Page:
program gives you random signatures
by using named pipes. It expects the signatures file to have records
in the format of the fortune program—that
is, each possible multiline record is terminated with
"%%\n". Here’s an example:
Make is like Pascal: everybody likes it, so they go in and change it. --Dennis Ritchie %% I eschew embedded capital letters in names; to my prose-oriented eyes, they are too awkward to read comfortably. They jangle like bad typography. --Rob Pike %% God made the integers; all else is the work of Man. --Kronecker %% I'd rather have :rofix than const. --Dennis Ritchie %% If you want to program in C, program in C. It's a nice language. I use it occasionally... :-) --Larry Wall %% Twisted cleverness is my only skill as a programmer. --Elizabeth Zwicky %% Basically, avoid comments. If your code needs a comment to be understood, it would be better to rewrite it so it's easier to understand. --Rob Pike %% Comments on data are usually much more helpful than on algorithms. --Rob Pike %% Programs that write programs are the happiest programs in the world. --Andrew Hume %%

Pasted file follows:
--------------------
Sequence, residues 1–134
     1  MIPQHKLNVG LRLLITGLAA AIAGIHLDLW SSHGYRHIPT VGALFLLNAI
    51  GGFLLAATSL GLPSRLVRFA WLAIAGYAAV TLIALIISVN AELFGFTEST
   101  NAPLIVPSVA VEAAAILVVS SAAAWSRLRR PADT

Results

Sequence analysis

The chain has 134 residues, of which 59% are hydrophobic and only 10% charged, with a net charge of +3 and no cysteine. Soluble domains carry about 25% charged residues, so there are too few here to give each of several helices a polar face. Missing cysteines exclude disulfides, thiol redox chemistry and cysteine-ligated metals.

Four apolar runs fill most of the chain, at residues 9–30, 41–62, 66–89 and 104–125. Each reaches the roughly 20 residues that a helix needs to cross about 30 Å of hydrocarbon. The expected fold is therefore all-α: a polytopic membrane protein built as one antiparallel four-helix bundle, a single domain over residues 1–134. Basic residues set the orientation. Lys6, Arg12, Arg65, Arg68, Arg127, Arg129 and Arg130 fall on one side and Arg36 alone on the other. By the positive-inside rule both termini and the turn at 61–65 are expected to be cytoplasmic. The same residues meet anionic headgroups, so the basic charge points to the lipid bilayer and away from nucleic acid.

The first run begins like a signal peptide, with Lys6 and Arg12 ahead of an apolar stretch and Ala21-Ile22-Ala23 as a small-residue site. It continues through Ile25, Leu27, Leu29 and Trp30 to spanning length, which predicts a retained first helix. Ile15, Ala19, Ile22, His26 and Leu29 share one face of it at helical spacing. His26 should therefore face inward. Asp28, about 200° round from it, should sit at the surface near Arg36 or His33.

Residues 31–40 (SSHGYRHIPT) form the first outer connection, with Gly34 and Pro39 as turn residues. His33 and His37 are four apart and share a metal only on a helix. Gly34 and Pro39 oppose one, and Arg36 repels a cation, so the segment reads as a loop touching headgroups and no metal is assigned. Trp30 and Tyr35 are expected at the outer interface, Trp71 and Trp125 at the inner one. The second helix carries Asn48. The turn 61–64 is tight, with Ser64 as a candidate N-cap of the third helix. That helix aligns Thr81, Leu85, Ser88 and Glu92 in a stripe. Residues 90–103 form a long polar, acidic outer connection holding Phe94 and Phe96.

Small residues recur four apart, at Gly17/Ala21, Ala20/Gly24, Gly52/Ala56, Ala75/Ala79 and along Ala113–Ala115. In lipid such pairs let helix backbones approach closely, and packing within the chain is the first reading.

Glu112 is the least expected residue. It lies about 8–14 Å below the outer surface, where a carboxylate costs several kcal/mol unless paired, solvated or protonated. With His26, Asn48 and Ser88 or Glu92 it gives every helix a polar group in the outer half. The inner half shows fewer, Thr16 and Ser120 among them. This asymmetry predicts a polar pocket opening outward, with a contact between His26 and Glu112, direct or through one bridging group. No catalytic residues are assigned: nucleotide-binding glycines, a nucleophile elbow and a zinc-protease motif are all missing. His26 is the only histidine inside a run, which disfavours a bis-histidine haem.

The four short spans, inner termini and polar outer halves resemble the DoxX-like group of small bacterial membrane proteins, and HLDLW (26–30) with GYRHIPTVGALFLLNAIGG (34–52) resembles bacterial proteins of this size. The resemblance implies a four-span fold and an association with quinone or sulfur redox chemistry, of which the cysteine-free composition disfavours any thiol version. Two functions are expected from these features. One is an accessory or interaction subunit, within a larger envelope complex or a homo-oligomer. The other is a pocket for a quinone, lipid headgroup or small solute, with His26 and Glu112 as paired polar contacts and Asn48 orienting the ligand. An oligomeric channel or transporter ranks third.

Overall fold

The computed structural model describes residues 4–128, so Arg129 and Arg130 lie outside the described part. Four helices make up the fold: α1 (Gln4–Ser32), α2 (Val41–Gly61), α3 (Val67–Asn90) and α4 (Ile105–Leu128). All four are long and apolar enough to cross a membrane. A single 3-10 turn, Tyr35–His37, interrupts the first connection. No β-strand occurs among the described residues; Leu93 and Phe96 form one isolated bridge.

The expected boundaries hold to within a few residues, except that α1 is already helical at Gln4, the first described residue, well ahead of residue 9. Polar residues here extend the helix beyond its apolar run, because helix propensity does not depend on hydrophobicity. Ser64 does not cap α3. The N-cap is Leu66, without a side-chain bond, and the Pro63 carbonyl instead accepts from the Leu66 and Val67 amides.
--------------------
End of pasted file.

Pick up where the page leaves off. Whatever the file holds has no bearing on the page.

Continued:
We check whether we’re already running by using a file with our PID in it. If sending a signal number indicates that PID still exists (or, rarely, that something else has reused it), we just exit. We also look at the current Usenet posting to decide whether to look for a per-newsgroup signature file. That way, you can have different signatures for each ...